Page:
16. So much. There’s so much I’d want to say. That there will be bad days, but more good than bad. That many dreams will come true, including ones I don’t know I have yet. To trust myself.
    Great post!


  17. LOVE the pics!!! You are a brave woman;) I know those milestones with our kids can be tough. I have four boys 18-12, and each milestone kills me!!
    I’d tell my young self to slow down, life is short and enjoy it more!


  18. I would definitely tell my younger self to love myself more and quit worrying about the others. If I would have known how little impact people I desperately wanted for friends in high school would have on my actual life, I think I could have been much happier sooner.


  19. It’s a good thing I hadn’t taken a gulp of coffee before reading this post–I would have spewed it all over my screen. I’m glad you dreamed big, Coleen. Big dreams, even grandiose dreams (although wishing for a horse farm isn’t completely grandiose), cause us to reach toward higher aspirations. And it’s in the stretching that we achieve our greatest accomplishments. So that’s what I’d tell my younger self: Go ahead and dream big!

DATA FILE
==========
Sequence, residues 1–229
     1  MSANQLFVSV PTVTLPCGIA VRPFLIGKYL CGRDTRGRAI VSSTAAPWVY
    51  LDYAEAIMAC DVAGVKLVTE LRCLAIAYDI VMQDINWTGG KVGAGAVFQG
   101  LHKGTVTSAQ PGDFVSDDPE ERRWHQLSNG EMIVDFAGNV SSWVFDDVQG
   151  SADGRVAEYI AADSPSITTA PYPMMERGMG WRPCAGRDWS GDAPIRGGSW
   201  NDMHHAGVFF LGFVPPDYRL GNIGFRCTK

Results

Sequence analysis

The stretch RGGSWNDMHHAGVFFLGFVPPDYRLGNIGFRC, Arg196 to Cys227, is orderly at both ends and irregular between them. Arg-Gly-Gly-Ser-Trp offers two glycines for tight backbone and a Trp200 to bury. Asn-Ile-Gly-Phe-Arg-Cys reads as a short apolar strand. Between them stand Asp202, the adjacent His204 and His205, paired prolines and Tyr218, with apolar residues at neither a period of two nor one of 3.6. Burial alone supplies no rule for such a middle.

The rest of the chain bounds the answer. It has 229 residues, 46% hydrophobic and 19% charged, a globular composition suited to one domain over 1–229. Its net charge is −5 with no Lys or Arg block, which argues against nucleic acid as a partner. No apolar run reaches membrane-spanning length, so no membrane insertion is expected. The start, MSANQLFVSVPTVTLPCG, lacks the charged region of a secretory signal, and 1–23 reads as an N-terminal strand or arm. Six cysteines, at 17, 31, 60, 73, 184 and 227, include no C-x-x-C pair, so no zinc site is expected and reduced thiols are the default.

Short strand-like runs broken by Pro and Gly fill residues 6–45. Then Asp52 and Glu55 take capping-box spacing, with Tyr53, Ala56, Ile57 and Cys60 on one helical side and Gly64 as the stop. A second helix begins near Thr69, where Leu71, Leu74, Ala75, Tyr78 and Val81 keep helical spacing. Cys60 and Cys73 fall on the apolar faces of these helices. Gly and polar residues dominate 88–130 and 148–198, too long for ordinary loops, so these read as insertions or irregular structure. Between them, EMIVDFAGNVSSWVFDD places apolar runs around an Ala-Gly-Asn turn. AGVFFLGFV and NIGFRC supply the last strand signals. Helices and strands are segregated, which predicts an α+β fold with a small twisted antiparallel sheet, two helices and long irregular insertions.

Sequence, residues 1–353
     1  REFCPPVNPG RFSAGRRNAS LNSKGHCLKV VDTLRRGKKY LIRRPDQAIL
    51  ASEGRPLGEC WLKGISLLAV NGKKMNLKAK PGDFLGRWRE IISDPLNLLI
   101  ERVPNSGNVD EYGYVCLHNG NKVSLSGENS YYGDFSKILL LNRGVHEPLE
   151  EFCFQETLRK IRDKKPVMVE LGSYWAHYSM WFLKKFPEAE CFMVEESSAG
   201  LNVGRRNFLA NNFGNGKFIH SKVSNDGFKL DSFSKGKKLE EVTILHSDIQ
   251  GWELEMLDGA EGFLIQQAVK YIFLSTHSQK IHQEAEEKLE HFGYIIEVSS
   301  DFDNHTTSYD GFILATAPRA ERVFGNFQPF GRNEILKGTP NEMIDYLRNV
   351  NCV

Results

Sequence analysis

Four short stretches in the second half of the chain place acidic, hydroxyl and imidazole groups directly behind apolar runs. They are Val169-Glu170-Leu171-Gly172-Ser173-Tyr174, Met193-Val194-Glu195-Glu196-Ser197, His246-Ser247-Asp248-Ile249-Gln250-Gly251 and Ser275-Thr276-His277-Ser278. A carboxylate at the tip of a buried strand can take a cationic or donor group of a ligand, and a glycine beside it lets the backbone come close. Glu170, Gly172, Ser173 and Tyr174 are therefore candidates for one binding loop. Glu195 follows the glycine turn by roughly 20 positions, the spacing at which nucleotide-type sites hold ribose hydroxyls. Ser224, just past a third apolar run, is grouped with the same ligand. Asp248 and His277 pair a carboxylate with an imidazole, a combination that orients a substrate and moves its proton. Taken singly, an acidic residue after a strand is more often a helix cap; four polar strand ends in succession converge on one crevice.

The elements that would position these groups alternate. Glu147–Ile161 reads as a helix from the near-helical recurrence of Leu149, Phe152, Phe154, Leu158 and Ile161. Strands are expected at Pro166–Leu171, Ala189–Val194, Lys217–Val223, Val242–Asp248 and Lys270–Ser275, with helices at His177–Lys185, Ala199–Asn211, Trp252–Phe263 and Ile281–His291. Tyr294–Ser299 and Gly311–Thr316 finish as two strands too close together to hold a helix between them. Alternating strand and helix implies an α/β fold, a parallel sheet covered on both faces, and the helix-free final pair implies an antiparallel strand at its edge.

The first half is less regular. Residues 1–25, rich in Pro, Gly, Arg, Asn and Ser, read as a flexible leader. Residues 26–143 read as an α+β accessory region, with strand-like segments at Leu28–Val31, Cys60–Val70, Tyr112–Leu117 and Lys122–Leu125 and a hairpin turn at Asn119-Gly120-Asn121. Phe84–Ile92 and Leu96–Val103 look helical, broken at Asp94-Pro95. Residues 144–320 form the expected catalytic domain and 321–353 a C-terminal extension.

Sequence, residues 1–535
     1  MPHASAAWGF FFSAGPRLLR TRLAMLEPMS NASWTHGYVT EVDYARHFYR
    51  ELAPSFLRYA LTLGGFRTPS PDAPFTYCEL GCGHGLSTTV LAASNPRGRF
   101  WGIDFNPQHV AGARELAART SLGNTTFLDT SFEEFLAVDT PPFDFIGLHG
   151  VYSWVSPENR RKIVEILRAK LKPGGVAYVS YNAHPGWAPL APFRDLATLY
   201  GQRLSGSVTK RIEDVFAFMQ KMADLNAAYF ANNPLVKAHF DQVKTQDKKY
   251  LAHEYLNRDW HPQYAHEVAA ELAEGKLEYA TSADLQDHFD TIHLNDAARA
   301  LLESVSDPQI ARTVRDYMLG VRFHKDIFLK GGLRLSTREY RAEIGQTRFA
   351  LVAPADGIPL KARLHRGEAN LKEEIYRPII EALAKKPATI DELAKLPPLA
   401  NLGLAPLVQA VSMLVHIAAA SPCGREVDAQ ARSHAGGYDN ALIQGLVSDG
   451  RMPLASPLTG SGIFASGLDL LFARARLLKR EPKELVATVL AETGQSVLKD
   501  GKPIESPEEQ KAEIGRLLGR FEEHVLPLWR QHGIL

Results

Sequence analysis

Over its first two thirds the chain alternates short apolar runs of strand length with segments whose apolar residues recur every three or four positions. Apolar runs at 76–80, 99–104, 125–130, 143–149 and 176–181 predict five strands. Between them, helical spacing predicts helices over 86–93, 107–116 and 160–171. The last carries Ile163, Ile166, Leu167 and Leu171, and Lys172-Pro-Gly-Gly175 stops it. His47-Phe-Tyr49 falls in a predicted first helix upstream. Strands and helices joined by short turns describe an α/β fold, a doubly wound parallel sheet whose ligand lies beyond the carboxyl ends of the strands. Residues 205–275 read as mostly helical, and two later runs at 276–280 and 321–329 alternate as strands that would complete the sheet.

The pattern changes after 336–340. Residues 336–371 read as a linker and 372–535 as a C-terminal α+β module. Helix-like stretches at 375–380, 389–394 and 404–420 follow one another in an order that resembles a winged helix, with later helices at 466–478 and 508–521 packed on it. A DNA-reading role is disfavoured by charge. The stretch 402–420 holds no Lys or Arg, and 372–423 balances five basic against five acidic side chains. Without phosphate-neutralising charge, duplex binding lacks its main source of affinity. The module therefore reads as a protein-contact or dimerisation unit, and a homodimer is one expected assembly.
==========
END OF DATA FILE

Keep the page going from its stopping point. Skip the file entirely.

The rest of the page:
Callie Kingston


  20. I would tell my younger self—and all young women—that you’re more wonderful than you know. The “something more” you strive for truly is out there…and though you’ll hit some bumps, you’ll find your way. Your mantra of “don’t give up” is there for good reason. Oh, and that guy with the crazy hair and bandana? Um…not so much. LOL

    “Dream big and be extraordinary.” Words to live by, Coleen! Love this post. Thank you.


  21. That’s so funny how your expectations of college were all about the social aspects! Mine were all about studying. Mostly correct! If I could, I’d tell myself not to worry about boys – and that just because the ones I liked weren’t popular, didn’t mean they weren’t jerks! LOL